July 2013, Blue Trail
Forest Restoration Workshop #204, July 2013
The July workshop attracted just one volunteer, a young highschool lad from Brooklyn who needed an activity on which he could write a school assignment. We all bandy about the term “nature deficiency”, and bemoan how widespread the malady is among young people, but this was the first time I had actually interacted with a victim! This fellow had little familiarity with a non-manicured park. He professed an interest in nature, saying that he was interested in marine biology, especially sharks (I wonder if TV “Shark Week” had anything to do with that), and was sure that he was not allergic to poison-ivy, even though he could not identify the plant. Although apprehensive, he nevertheless was game to go up the Blue Trail and cut vines from saplings, but wanted reassurance that there were no parasitic flies that might lay eggs in his ears as he had seen happening in a program about South America! He viewed the area with some unease, and was not at all reassured when we had to go off-trail to get around a recent blow-down close to the golf course high green. I don’t know why, but that portion of the trail seems regularly afflicted with blow-downs, and the briar is often thick and extensive enough to make going around difficult. I think he believed I was going to get us lost…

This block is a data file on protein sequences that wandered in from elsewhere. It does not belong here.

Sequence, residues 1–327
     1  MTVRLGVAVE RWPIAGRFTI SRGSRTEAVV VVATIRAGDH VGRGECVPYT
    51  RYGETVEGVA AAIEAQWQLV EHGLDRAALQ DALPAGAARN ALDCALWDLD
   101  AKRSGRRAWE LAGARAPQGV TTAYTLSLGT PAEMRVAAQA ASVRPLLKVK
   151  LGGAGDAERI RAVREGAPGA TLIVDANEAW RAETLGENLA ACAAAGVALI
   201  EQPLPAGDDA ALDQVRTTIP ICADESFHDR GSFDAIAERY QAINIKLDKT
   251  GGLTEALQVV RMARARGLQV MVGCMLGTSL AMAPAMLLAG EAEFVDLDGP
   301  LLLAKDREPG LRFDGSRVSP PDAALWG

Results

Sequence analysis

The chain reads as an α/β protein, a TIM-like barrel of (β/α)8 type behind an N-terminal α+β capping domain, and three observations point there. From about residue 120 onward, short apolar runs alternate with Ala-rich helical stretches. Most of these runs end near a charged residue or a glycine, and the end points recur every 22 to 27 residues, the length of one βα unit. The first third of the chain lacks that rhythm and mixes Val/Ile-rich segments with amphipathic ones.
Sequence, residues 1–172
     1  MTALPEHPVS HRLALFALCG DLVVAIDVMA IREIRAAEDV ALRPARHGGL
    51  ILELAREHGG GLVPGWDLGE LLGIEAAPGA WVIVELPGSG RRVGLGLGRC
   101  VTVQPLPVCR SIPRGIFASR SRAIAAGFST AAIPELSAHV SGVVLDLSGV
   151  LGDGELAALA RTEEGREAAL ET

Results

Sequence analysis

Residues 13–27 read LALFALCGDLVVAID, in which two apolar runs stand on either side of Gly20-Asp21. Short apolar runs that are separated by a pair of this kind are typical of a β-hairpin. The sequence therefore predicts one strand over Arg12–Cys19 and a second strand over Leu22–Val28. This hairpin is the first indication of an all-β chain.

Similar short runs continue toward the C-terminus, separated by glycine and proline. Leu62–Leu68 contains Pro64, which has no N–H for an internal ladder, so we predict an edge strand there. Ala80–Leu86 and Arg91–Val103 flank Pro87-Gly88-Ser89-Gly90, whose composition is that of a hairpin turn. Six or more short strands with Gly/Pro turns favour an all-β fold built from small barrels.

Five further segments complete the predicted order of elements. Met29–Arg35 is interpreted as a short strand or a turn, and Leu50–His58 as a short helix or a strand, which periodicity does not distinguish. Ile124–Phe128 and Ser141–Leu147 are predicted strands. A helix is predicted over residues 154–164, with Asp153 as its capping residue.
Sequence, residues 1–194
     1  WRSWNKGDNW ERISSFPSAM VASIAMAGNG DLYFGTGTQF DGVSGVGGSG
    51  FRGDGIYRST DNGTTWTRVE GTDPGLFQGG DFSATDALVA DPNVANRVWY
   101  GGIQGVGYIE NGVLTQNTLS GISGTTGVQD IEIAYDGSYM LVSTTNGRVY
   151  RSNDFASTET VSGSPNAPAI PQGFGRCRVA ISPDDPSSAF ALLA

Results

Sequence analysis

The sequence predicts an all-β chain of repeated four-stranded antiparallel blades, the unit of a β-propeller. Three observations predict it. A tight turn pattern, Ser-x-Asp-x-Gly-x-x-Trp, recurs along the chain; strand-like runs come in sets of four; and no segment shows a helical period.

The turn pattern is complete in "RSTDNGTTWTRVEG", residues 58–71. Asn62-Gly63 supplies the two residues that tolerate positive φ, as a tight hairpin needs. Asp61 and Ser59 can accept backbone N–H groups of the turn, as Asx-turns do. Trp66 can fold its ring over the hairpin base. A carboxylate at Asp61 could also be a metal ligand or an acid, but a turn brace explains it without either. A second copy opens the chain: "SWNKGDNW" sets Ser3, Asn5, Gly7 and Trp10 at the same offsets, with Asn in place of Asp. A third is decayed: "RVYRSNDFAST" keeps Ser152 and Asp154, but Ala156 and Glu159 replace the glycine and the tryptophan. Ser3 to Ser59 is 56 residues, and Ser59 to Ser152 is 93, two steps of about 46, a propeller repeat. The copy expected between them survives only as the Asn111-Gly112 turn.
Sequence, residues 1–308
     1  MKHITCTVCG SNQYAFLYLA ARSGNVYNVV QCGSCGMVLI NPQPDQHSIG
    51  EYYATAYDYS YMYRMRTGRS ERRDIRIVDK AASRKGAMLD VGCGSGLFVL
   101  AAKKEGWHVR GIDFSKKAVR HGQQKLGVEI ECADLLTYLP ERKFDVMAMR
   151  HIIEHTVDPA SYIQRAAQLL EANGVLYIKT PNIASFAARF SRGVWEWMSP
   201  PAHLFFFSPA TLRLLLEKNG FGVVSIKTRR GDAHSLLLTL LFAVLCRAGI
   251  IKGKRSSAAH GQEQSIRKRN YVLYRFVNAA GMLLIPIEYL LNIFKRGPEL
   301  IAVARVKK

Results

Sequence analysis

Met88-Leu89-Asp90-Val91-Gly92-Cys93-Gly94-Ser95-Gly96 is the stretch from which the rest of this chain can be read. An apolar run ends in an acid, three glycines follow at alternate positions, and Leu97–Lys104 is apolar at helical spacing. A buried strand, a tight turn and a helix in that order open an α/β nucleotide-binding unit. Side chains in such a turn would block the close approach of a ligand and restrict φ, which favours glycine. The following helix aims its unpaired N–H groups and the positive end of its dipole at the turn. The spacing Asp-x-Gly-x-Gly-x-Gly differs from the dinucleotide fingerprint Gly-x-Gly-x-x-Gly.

To me, this illustrates a problem: how do you introduce young people to the magic of the woods if they are unacquainted or have been taught to be wary of nature? Certainly there are hazards: poison-ivy, stinging and biting insects, vines and roots that trip up and catch the feet. We don’t see any reason to be excessive alarmed, but it can be hard to convince someone frightened of the woods that the hazards there are no greater – in fact probably less – than those posed by city streets, and that their trepidation is just a function of unfamiliarity. I tried to exude some nonchalance about traipsing through the woods, but I’m not entirely sure I was reassuring!